The Biden part of the presentation was no surprise: Sekulow telegraphed the attacks last week. And Republicans largely seemed to delight in the spectacle. “I'm sure it's very hard for them to listen to all of these facts that the managers left out,” said Sen. Kevin Cramer (R-ND).
But when it was folded into a case for why former President Barack Obama should be impeached, it became too much for some Democrats to take seriously. And as Eric Herschmann, another member of the president’s team, spoke, Democratic senators—who had sat largely expressionless throughout the day— tittered at the analogy drawn between Trump and President Obama’s 2012 “hot mic” moment with then-Russian President Dmitri Medvedev, during which Obama said he’d have more “ flexibility” on issues like missile defense after winning re-election.
Leaving the Senate floor afterward, Sen. Sheldon Whitehouse (D-RI) described the presentation as “a campaign ad, oppo research, and a little bit of owning the libs, just for yuks.”
“They can’t help themselves,” he added.
Beyond the political point-scoring, however, was some substance too. The president’s legal team spent time laying the legal foundation for their case that Trump should be acquitted, which leans hard on two claims: that the president’s July 25 call with Ukrainian President Volodymyr Zelensky reveals no quid pro- quo, and that any other evidence to that point is based on unreliable hearsay.
Philbin, a member of the defense team who has impressed Capitol Hill Republicans, argued that House Democrats ran roughshod over law and precedent in pursuing Trump’s impeachment.
The Trump team’s final presenter, Harvard Law professor and celebrity lawyer Alan Dershowitz, took a GOP argument—that Democrats’ articles of impeachment are weak because they do not allege crimes—to its logical extreme.
"Purely noncriminal conduct, including abuse of power and obstruction of Congress,” said Dershowitz, “are outside the range of impeachable offenses."
As Trump’s legal team worked the Senate, outside the chamber his allies were busy trying to dull the impact of the explosive Times report on Bolton’s forthcoming book, which details how Trump himself linked Ukrainian aid to an investigation into the Bidens.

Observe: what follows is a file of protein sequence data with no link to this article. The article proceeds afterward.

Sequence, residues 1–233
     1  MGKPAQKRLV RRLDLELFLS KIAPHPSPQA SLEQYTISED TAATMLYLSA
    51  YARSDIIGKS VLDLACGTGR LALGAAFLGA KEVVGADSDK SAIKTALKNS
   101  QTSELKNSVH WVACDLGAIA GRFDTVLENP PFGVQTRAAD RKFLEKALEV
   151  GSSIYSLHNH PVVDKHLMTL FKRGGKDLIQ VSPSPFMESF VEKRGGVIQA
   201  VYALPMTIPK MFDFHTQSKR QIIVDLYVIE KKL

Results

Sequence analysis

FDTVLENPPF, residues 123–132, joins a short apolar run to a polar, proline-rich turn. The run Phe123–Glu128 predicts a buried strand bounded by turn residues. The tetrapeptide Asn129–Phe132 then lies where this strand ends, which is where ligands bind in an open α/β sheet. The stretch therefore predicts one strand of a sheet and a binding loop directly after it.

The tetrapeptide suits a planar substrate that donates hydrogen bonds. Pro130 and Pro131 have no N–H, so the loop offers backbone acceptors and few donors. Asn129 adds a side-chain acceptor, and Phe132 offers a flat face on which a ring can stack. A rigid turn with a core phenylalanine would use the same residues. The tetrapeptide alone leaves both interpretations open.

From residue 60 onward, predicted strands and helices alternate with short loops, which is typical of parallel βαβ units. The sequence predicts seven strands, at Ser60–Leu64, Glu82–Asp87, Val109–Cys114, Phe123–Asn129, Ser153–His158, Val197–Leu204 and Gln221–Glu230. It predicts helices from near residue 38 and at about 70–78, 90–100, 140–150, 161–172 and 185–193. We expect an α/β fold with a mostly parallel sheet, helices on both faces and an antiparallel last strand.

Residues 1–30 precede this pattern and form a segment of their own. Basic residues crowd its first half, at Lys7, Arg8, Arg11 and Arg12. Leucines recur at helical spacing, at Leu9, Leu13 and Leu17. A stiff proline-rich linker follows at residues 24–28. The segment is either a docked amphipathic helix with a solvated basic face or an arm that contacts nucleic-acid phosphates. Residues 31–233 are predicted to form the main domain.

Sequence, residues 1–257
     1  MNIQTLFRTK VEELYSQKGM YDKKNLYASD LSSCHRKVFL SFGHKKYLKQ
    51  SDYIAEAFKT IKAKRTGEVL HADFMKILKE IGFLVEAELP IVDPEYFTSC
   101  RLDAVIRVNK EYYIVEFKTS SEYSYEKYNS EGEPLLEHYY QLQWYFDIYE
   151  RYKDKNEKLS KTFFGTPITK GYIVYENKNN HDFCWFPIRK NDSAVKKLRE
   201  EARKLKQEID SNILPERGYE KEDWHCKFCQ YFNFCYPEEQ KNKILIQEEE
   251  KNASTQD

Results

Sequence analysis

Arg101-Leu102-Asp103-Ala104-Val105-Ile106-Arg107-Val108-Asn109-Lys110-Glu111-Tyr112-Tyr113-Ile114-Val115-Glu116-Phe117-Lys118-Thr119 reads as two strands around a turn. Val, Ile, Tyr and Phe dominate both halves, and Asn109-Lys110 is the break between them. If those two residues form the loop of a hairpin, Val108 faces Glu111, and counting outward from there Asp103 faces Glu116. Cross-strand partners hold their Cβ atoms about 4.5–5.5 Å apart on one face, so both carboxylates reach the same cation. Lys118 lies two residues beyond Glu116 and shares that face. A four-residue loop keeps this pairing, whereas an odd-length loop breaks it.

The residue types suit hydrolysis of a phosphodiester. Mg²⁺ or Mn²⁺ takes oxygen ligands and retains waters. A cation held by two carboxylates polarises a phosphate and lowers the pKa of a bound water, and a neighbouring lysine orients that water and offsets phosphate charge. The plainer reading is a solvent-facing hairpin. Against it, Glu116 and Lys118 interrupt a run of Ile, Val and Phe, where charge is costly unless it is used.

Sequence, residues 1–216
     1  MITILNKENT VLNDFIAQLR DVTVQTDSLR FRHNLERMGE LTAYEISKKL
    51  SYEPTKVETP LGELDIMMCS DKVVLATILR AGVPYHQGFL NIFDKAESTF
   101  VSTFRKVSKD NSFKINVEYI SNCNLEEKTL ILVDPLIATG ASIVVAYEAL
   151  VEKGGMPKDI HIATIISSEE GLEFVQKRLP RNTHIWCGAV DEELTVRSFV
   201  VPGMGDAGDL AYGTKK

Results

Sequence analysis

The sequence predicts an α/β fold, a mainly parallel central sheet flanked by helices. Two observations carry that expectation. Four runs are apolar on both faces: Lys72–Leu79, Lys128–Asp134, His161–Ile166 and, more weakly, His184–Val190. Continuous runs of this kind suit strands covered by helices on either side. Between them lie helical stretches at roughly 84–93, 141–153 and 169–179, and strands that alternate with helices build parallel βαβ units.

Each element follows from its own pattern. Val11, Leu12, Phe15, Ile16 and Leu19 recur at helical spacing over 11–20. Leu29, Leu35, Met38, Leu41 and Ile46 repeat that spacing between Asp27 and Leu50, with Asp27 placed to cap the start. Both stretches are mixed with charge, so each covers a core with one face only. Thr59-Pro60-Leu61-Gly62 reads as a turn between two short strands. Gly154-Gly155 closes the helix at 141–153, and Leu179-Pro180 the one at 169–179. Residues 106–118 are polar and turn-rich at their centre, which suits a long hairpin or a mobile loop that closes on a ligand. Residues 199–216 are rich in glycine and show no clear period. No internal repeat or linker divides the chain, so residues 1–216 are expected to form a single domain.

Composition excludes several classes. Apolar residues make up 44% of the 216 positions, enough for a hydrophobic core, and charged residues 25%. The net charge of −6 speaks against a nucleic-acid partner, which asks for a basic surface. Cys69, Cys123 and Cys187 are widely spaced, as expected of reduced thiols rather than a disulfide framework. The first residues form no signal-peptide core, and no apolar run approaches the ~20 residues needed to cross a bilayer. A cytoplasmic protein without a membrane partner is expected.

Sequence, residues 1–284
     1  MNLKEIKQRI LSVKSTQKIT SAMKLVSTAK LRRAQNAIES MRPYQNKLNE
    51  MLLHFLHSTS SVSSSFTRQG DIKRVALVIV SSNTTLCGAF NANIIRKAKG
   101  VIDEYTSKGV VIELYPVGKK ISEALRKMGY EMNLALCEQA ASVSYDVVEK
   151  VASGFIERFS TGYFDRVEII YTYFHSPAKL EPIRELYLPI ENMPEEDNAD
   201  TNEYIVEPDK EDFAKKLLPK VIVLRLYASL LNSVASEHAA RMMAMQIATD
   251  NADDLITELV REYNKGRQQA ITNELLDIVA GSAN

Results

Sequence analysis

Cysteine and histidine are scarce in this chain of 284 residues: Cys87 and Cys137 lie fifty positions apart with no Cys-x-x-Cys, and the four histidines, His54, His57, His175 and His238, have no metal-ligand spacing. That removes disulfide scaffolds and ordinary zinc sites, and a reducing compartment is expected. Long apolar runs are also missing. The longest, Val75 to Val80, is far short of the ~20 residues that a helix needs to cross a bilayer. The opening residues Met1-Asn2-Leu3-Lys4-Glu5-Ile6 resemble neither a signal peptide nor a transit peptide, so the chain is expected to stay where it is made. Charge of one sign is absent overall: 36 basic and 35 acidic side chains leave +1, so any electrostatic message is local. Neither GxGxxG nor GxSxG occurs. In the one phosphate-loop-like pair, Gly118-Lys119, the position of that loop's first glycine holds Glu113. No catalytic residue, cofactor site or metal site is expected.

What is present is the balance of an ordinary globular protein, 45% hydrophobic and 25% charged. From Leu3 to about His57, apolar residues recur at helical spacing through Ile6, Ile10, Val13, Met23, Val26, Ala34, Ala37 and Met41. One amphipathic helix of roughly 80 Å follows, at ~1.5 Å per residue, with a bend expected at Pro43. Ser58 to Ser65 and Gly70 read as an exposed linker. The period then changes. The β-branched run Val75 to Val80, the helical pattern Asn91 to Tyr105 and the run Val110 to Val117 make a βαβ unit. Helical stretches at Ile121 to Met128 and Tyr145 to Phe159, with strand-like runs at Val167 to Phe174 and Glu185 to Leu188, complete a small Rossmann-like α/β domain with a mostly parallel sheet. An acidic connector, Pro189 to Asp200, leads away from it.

Victoria Toensing, an informal legal adviser to Trump, posted to Twitter, “It matters NOT AT ALL what @realDonaldTrump told John Bolton. We do not prosecute people for thoughts or words. Only for conduct.”
Giuliani, the president’s personal attorney whose role is at the center of the Ukraine saga that led to Trump’s impeachment, messaged The Daily Beast on Monday evening that “of course” he agreed with Toensing’s analysis, but added that “I am sure Backstabber Bolton is not telling the truth. What POTUS said when he was unknowingly tapped [sic] is definitive: ‘no quid pro quo.’”
Privately, numerous senior administration officials and Trump associates began to rally around a simple explanation for what was going on—that Bolton was merely a liar out to make a quick buck. Four White House officials who spoke to The Daily Beast since Sunday each independently denounced Bolton as a habitual double-crosser and notorious “rat” and “leaker,” an allegation he has emphatically denied in the past.
All of which created a scene odd enough to match the moment: Democrats pining for a longtime GOP nemesis to come testify before them, Republicans—many of whom had been supported by Bolton in the past—acting as if he was suddenly persona non grata, and the president’s legal team simply ignoring the bombshell he’d set off.
“This was out-of-body surreal,” Sen. Richard Blumenthal (D-CT) said. “The rest of America is talking about John Bolton, and not a single mention of him in this chamber.”